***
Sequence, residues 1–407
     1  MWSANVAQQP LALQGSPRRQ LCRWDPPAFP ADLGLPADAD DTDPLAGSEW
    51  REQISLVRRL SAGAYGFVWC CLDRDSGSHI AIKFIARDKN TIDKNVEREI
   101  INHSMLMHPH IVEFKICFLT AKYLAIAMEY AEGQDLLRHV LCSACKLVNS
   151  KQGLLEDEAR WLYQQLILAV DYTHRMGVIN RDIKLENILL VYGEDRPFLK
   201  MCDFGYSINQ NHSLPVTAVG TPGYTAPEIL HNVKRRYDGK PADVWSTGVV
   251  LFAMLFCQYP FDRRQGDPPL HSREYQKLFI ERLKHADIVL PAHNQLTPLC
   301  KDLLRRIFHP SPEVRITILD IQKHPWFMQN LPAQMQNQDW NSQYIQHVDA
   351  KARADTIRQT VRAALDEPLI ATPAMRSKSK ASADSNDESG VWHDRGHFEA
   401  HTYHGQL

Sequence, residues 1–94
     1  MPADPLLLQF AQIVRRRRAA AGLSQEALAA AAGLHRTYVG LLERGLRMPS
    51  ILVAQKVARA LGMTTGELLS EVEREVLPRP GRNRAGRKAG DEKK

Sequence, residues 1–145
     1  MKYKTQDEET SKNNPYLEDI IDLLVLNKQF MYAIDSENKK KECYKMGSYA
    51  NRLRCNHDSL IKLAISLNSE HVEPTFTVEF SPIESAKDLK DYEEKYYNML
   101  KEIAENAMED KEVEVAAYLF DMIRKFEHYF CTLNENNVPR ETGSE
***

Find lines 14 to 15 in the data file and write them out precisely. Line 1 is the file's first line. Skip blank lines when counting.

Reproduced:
Sequence, residues 1–145
     1  MKYKTQDEET SKNNPYLEDI IDLLVLNKQF MYAIDSENKK KECYKMGSYA